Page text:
leads to a lack of respect. This is evident when you have to haggle over
software upgrades, service contracts, or software support.
Earn The Respect You Deserve
Now that I have mentioned a few of the reasons for a lack of respect,
look at what you can do to win some respect and decrease that loss of
gratitude amongst your current customers:
1. Respect yourself.
Many companies underestimate their accomplishments in overcoming
and operational problems. Remember where your business was when it first
started and how far you’ve come. Recognize all that you have had to
endure just to get to a prototype. Communicate this successful struggle to your
prospects and customers.
2. Quantify what was involved in producing your product or service.
Make a list of every detail required to create your product or deliver your service
so customers know exactly what
involved. How much did you invest in research and development? How many people
did you employ at what
level of education? How many years of combined experience did they have? How much money
and emotion was invested in the product that was never passed on to the customer? How
did it cost just for the testing phase, and who was involved? What would it
cost customers to duplicate your process?
3. Commit to a fair price.
Sometimes, in the desire to make a sale we accept a lower valuation of our
the prospect. You must commit to and remain confident in your pricing, as
as it is fair, and be willing to walk away from the table. Be ready to
your clients how much you’re saving them in money and headaches. Make
comparisons. A simplistic example would be, “What did you pay for a
computer with 100 MB memory 15 years ago versus what you pay for 30 GB
today?” Some negotiation is always acceptable and expected, but you’re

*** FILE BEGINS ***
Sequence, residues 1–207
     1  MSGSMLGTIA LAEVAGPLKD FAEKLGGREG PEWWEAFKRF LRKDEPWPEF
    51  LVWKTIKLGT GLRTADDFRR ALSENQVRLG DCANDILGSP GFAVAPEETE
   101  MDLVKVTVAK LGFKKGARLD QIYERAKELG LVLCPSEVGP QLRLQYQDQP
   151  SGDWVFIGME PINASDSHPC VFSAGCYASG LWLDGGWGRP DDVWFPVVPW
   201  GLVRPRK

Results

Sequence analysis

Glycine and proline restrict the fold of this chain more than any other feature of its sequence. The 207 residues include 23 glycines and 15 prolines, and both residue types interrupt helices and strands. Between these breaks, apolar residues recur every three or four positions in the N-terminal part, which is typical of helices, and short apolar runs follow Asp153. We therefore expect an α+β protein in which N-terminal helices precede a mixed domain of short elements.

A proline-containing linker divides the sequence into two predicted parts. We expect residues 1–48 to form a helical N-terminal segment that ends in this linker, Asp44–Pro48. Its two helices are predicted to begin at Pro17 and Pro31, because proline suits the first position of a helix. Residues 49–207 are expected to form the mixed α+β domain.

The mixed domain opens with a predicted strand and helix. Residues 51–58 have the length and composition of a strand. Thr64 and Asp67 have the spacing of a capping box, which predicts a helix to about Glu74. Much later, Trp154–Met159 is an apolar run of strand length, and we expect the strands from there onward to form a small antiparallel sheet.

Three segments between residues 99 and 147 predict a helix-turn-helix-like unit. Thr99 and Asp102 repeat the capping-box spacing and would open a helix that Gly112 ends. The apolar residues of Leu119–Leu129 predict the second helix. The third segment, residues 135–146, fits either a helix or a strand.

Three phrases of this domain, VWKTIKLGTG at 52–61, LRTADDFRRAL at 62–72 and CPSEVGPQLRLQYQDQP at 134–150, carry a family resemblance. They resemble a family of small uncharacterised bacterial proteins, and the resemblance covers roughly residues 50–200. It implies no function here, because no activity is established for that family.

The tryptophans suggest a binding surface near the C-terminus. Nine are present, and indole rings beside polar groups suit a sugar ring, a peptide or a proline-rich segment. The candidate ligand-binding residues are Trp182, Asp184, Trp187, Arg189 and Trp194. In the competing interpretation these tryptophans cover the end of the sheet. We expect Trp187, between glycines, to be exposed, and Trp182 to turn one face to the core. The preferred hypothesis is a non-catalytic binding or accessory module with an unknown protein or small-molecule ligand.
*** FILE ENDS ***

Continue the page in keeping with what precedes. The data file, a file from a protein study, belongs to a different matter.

entitled to a fair profit.
4. Don’t stop communicating with, educating, and reminding your
customers about your company and the industry you're in.
You must continually educate prospects and customers about the great value of your products
services, and the number of problems it solves for them. Remind them more often
exactly what you continue to do for them. Gently evoke memories of what
their business was like in the past. Remember telex machines? Remember the
size of the first computers and cellular phones? Look how small CompactPCI cards
5. Seek more recognition in your industry.
Apply for awards from various industry associations, or even local trade
boards or commerce departments. Make sure you utilize an effective public
relations campaign and maintain regular contact with the industry press. We tend to
respect people and companies that are publicly recognized by others for
their innovation or leadership. Be proud of it. Then, tell your
customers and prospects about your accomplishments to score more points on
the respect scale.
When you prove that you have earned their respect, then the
you build with prospects and customers will be stronger. They will last longer and
times better if something does go wrong. It is easy to lose respect for a company or a service. As marketers, we
have to work against that and constantly build respect back up. Make sure you
every communication to inspire respect. Get your prospects' and customers'
focus where you want it.
In parting, think, for example, about the prevalent disrespect for the airline industry. When
the last time you complained? Maybe you were delayed an hour. All I say
is, “Wonder how long it took to get 100 people from New York to Dallas
stage coach?” Now, the airline has my respect again.
Martin Wales is the eFounder and Chief Catcher at Customer
He welcomes your e-mail at firstname.lastname@example.org.
He is a technology-marketing specialist, speaker, and facilitator focused
on maximum results with minimal risk using your existing resources.